The respiratory system part 5

  1. oxygen-hemoglobin dissociation curve
    illustrates the relationship between the percent saturation of hemoglobin and P O2.  In pulmonary capillaries where P o2 is high a lot of O2 binds to hemoglobin. In tissue capillaries where P o2 is lower, hemoglobin does not hold as much o2 and the dissolved o2 is unloaded via diffusion into tissue cells
  2. Acidity
    as this rises the affinity of hemoglobin for O2 decreases and 02 disassociates more readily from hemoglobin
  3. partial pressure of Co2
    co2 can also bind to hemoglobin and the affect is similar to H+
  4. temperature
    as it increases so does the amount of O2 released from hemoglobin
  5. carbon dioxide transport
    under normal resting conditions each 100ml of deoxygenated blood contains the equivalent of 53ml of co2 which is transported in the blood
  6. carbamino compounds
    23% of CO2 combines with amino acids and proteins in the blood to form these.
  7. bicarbonate ions
    70% of carbon dioxide is transported in blood plasma as this.  As CO2 diffuses into systemic capillaries and enters red blood cells, it reacts with water to form this
  8. respiratory centre
    clusters of neurons located bilaterally in the medulla oblongata and pons of the brain stem send nerve impulses to the respiratory muscles. It can be divided into 3 areas on the basis of their functions.
  9. medullary rhythmicity area
    controls the basic rhythm of respiration.  There are inspiratory and expiratory areas within this area
  10. inspiratory area
    establishes the basic rhythm for breathing. Well it is active it generates nerve impulses for 2 seconds the impulses propagate to the external intercostal muscles via external intercostal nerves and to the diaphragm via the phrenic nerve. after 2 seconds muscles relax
  11. expiratory area
    the neurons in this area remain inactive during quiet breathing. During forceful breathing nerve impulses from the inspiratory area activate this area. contraction of muscles causes forceful exhalation
  12. Pneumotaxic area
    helps coordinate the transition from inhalation to exhalation, located in the upper pons which transmits inhibitory impulses to the inspiratory area.  it helps turn off the inspiratory area before the lungs get too full. breathing rate is more active when this area is more active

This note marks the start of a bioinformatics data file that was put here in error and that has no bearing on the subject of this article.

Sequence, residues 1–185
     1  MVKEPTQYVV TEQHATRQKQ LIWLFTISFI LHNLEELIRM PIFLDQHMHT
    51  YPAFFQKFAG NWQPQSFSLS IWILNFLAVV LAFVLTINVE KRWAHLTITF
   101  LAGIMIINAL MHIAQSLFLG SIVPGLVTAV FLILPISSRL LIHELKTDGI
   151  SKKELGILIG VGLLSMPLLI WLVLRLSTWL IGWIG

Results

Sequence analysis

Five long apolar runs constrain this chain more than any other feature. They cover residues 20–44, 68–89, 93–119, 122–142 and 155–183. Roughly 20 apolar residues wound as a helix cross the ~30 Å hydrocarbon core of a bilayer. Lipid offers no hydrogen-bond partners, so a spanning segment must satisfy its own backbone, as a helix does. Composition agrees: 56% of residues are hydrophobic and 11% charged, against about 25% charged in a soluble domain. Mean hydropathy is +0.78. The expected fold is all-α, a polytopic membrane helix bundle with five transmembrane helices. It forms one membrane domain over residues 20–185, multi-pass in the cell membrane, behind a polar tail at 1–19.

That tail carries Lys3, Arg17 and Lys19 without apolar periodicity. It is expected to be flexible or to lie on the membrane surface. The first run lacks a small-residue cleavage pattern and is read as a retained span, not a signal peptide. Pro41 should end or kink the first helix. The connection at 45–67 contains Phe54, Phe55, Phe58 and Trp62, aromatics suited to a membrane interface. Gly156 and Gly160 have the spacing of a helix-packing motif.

13. Apneustic area
    part of the brain stem that coordinates the transition between inhalation and exhalation. Activate the inspiratory area to have longer inhalations.  When the Pneumotaxic area is active it overrides signals from this area
  14. chemoreceptor regulation of respiration
    monitor CO2 O2 and H+ levels and provide input to the respiratory centre
  15. central chemoreceptors
    located in the medulla oblongata in the CNS. They respond to changes in H+  or P co2 or both in the cerebral spinal fluid
  16. peripheral chemoreceptors
    are located in the aortic bodies, clusters of chemoreceptors located in the wall of the arch if the aorta and in the carotid bodies, which are oval nodules in the wall of the left and right carotid arteries.  These receptors are part of the PNS and are sensitive to changes in the blood
  17. hypercapnia
    if a slight increase in P co2 occurs in arterial blood this condition occurs.  The central chemoreceptors are stimulated and respond vigorously to the resulting increase in H+ levels.
  18. hyperventilation
    rapid and deep breathing, allows inhalation of more O2 and exhalation of more CO2 until P co2 and H+ are lowered to normal
  19. hypocapnia
    it arterial P co2 is lower than 40mmHg the central and peripheral chemoreceptors are not stimulated, and stimulatory impulses are not sent to the inspiratory arch.  As a result, the area sets its own moderate pace until CO2 accumulates and the P co2 rises to 40mmHg
  20. proprioceptor stimulation of respiration
    nerve impulses form the proprioceptors stimulate the inspiratory area.  At the same time axon collatoral of upper motor neurons that originate in the primary motor cortex also feed excitatory impulses into the inspiratory area.
  21. inflation reflex
    is mainly a protective mechanism for preventing excessive inflation of the lungs rather than a key component in the normal regulation of respiration. It uses baroreceptors which are stretch sensitive receptors that are located in the walls of bronchi and bronchioles
Card Set
The respiratory system part 5
The respiratory system part 5